This certainly is the year for the supernatural on television, and more shows are on the way. But two water-based shows in the past did not fare very well, SURFACE (2005-2006) and INVASION (2005-2006). True, those shows were both science fiction, but their respective storylines were fantastic enough to reach that gray and sparkly area where SF and fantasy collide (as they did so alarmingly in KRULL, 1983). Whether THE RIVER continues beyond its initial order depends a great deal on the cast of characters. So far, the most likeable character for my money is Dr. Emmet Cole, who is only seen in flashbacks and found footage (or as a dragonfly). All of the cast are good actors, and there is good writing and direction, but I haven’t felt compelled to watch—I am more curious than caring. I know I keep touting LOST, but I would add THE X-FILES and FRINGE, as TV shows where the characters and their chemistry are a real joy to witness. People who are fully fleshed out that you care about. Part of the joy of watching a series is having a favorite character, and we who love genre TV often have a list of standouts from shows going back to childhood. It isn’t enough to be mildly curious—I can wait and read a summary on Wikipedia or ask a diehard friend. These have to be people that have an integrity, a life beyond the dimensions of the screen. For me, THE RIVER is intriguing but not yet must-viewing. I’ll definitely stay for the full eight, but beyond that… there’d better be some real magic in there.


UPDATE: ALCATRAZ has almost lost me. Again I am curious, but even the awesome Jorge Garcia is not enough to make me want to tune in… I will probably give them one more episode (maybe two) and then I may make my escape.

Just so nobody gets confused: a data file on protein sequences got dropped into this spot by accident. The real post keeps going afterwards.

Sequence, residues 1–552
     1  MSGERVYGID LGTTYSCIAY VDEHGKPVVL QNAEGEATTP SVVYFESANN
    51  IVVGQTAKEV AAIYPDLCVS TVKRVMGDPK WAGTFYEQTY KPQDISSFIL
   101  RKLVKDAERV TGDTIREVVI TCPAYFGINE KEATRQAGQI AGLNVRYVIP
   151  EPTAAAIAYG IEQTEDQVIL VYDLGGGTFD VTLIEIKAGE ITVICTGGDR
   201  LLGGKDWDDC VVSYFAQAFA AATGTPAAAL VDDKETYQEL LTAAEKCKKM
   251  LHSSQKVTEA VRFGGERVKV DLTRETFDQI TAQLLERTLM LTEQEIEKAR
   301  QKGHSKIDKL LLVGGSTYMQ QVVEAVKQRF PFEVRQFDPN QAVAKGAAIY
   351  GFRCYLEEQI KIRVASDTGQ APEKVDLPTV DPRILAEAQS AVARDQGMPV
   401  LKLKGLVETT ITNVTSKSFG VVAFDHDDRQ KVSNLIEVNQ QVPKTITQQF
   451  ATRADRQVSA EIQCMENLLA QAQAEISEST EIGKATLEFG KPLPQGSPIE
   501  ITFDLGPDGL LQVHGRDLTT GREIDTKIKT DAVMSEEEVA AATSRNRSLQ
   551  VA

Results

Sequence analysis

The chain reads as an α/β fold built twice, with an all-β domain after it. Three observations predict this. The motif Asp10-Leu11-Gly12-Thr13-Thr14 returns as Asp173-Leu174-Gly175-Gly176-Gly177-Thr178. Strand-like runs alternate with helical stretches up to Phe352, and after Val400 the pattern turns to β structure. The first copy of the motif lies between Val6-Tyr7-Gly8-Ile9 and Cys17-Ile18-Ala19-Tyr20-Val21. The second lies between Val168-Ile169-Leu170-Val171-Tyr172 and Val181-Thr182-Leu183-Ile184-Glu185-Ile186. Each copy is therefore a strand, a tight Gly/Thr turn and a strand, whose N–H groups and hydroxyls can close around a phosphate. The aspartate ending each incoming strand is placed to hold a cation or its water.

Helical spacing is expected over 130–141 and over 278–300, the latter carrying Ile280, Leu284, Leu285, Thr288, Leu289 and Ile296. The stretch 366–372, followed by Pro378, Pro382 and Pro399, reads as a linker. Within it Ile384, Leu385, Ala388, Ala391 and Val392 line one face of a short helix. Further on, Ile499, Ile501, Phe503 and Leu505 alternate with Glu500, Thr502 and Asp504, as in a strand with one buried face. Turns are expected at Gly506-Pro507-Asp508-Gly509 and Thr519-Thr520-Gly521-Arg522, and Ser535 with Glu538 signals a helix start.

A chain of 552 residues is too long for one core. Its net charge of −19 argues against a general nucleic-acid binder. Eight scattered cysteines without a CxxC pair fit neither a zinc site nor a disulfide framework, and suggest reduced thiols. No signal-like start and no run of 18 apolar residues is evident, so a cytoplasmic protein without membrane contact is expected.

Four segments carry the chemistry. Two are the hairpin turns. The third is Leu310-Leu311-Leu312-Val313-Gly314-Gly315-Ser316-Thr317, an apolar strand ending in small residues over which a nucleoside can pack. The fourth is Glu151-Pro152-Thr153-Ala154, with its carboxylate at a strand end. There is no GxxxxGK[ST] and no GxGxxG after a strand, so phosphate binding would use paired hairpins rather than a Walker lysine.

Two new shows I very much enjoy are GRIMM (Silas Weir Mitchell as a reformed “blut bador Big Bad Wolf is hilarious—he was also the crazy inmate who escaped with the rest in the first season of PRISON BREAK, 2005-2009), and LOST GIRL, which is sort of “Succubus in the City” without being annoying… Well, it can be a little annoying, but it’s also clever and sexy. Both shows have inventive new riffs on fairy tales and legends. Grimm goes into BUFFY THE VAMPIRE SLAYER territory but makes it its own, and LOST GIRL is sassy and erotic – definitely a show that many women I know like… It may be a show you can share with your significant other.


This week’s GUILTY PLEASURE: we all have them, songs, stories and television we are embarrassed to share, often disavowing them or hiding those incriminating CD’s, books and DVD’s when friends or family come to call… Then again, such fare is great if it’s just you and some friends who love cinematic cheese to go with beer, pizza and other forms of contraband.

I recently watched ALIEN APOCALYPSE (2005), an original SyFy movie made when the cable network was still Sci-Fi. Besides the title, the film stars Bruce Campbell, who is known to all genre geeks as Ash in THE EVIL DEAD (1981) and its sequels. Bruce Campbell fighting aliens? I’m in.

This is a movie Campbell pitched to Sci-Fi with buddy Josh Becker, who wrote and directed this… um, film. Campbell and his fellow astronauts have been away for forty years, and return to find the Earth overrun with insect overlords who use remaining humans as slaves and (sometimes) gourmet treats—they are especially fond of biting off a live human’s head.

So, it’s basically PLANET OF THE APES (1968) with bugs, yes? Well… not quite. Our first sign of trouble (and a low budget) is that we never see the probe Campbell and pals return to Earth in… We see something like a meteor that crashes behind a mountain and explodes. Later, Bruce, his captain and two women astronauts are making their way toward the city. (By the way, Campbell’s character is named Ivan Hood, but I will just call him Bruce – he’s freakin’ Bruce Campbell, after all.) Bruce would seem to be the ship’s doctor, but he is actually an osteopath. Why an osteopath is sent on a forty-year mission gives us a clue that this movie will be tongue-in-cheek.